ERIC Number: ED036312
Record Type: RIE
Publication Date: 1968-Nov
Reference Count: 0
Institute for Developmental Studies Interim Progress Report. Part II: Research and Evaluation.
Deutsch, Martin; And Others
The Institute for Developmental Studies (IDS) is engaged in research aimed at specifying what the academic handicaps of deprived children are, what causes these handicaps, and what can be done to overcome them. This IDS report on their research and evaluation program is divided into two sections. The first, "Summaries of Basic Research, Applied Research and Evaluation," offers a condensed overview of the work of the Institute for Developmental Studies. The second, an appendix, includes such detailed material as a selection of complete reports and a complete "Bibliography of the Institute for Developmental Studies." The actual work reports cover a wide variety of subjects related to poverty and early childhood education: language development, auditory discrimination, phonemic discrimination, conservation, cognitive differentiation, kindergarten curriculum, beginning reading, visual discrimination of alphabet letters, and development of preschool observation techniques. Other areas explored are self-concept, classroom integration, and use of early childhood inventories. One consistent finding is that lasting changes can't be expected unless intervention extends at least through the third grade. (MH)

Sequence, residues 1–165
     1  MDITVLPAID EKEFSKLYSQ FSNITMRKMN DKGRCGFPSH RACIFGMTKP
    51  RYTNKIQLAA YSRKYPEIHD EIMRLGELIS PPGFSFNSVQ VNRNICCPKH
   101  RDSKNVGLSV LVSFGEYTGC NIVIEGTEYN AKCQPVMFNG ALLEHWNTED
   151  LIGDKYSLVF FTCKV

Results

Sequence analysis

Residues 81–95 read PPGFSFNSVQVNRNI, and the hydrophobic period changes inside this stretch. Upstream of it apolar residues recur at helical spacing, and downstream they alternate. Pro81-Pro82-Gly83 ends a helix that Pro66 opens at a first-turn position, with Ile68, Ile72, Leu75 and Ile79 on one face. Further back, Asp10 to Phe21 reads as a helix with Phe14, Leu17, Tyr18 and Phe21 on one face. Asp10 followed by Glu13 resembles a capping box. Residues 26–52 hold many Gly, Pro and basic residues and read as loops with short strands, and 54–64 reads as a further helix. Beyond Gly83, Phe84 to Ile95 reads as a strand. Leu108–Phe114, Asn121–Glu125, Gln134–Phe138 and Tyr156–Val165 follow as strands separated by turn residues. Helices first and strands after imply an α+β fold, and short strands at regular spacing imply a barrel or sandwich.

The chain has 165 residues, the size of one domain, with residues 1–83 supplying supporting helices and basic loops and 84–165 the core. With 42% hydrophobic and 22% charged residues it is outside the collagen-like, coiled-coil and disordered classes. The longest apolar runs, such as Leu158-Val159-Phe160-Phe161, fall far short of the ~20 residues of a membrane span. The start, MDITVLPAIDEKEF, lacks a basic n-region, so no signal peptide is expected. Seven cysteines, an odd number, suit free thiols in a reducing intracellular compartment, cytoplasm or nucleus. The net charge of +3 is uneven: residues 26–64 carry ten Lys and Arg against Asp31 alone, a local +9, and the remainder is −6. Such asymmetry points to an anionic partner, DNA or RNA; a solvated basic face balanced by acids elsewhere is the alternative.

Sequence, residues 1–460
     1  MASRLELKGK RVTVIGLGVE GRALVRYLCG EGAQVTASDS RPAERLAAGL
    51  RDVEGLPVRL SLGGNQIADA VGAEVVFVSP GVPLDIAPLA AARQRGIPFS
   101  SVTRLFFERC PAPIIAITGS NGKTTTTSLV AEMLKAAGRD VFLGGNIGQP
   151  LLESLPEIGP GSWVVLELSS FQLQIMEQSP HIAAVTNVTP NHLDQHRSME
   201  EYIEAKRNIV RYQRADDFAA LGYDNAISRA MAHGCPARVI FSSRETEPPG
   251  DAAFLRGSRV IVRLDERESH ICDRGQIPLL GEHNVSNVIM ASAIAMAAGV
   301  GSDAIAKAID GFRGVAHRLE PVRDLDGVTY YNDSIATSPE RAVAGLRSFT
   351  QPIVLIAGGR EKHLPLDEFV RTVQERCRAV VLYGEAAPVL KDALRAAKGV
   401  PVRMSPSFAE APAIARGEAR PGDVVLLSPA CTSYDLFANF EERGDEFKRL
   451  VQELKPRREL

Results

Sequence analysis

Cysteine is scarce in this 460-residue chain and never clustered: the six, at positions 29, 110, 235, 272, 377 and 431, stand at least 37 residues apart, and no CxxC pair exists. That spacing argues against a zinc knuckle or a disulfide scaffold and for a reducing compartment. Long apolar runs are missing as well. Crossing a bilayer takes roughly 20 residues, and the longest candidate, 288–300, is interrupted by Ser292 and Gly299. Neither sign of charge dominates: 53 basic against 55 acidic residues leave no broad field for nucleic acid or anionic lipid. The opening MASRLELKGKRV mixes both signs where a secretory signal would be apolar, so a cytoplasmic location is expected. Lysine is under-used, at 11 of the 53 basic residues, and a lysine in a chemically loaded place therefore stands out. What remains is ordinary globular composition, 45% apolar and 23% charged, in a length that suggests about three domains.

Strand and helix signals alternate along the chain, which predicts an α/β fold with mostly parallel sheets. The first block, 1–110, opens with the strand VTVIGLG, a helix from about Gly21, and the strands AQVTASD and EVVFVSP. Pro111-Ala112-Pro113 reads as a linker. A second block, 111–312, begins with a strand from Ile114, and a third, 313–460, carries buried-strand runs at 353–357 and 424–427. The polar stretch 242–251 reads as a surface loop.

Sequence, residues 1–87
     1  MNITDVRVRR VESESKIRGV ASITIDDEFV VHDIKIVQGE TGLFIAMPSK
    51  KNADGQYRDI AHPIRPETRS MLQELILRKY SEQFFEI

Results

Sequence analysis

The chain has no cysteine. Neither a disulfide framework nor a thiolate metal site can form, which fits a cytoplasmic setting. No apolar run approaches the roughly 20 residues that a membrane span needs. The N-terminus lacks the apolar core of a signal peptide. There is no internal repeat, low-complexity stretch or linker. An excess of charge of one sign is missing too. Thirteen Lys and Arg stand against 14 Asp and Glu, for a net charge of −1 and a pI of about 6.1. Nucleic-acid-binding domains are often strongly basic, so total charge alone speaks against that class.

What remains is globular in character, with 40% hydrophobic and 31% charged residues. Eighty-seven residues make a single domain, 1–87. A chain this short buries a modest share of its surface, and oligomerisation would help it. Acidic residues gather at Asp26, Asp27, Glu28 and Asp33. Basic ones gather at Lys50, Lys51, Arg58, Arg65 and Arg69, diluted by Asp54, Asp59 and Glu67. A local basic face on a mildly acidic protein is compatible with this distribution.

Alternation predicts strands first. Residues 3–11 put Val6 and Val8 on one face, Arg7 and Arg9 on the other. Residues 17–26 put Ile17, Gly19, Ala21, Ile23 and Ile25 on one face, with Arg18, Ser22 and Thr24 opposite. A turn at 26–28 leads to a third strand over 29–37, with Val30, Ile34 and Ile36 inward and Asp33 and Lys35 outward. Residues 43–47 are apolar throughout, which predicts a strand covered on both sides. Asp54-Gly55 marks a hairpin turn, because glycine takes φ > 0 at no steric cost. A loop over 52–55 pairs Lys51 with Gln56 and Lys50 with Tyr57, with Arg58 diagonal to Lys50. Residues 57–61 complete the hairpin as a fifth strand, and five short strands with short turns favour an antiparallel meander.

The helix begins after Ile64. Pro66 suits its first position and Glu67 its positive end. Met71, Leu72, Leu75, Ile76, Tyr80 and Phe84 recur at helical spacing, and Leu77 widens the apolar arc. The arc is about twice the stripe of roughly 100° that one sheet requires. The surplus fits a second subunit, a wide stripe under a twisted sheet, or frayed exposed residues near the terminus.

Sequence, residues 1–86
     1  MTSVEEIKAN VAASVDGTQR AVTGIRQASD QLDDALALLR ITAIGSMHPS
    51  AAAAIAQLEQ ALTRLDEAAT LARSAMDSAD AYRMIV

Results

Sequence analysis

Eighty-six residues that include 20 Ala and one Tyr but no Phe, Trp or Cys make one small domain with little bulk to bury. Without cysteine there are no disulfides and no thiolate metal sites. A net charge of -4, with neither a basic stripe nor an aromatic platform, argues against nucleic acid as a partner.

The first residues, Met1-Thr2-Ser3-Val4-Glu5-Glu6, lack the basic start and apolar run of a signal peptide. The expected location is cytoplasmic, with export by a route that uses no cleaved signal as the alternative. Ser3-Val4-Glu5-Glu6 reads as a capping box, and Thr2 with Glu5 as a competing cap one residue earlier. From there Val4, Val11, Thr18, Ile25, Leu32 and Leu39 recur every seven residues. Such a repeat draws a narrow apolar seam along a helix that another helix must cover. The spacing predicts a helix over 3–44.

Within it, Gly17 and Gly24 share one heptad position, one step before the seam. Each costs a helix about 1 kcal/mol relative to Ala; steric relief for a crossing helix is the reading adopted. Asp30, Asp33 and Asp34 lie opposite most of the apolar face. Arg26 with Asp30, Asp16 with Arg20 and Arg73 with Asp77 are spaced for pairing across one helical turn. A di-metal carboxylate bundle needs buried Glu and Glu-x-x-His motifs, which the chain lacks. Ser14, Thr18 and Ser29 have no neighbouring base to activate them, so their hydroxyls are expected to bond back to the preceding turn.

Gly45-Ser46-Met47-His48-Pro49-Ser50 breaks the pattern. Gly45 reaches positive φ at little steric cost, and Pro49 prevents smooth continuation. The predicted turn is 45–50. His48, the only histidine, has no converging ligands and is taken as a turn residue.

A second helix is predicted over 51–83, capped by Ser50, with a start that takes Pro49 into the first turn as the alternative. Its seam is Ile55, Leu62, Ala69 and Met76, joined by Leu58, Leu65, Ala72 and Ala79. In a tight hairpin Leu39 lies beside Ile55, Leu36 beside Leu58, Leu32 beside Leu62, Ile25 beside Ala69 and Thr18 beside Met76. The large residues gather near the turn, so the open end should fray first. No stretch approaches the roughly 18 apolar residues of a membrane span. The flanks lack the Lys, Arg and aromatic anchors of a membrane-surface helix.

Descriptors: Auditory Discrimination, Auditory Training, Beginning Reading, Cognitive Development, Compensatory Education, Conservation (Concept), Disadvantaged, Enrichment Activities, Intellectual Development, Language Acquisition, Longitudinal Studies, Measurement Instruments, Motivation, Preschool Children, Program Evaluation, Reading Achievement, Research Projects, Self Concept, Student Characteristics, Visual Discrimination
Publication Type: N/A
Education Level: N/A
Sponsor: Bureau of Elementary and Secondary Education (DHEW/OE), Washington, DC.
Authoring Institution: New York Univ., NY. Inst. for Developmental Studies.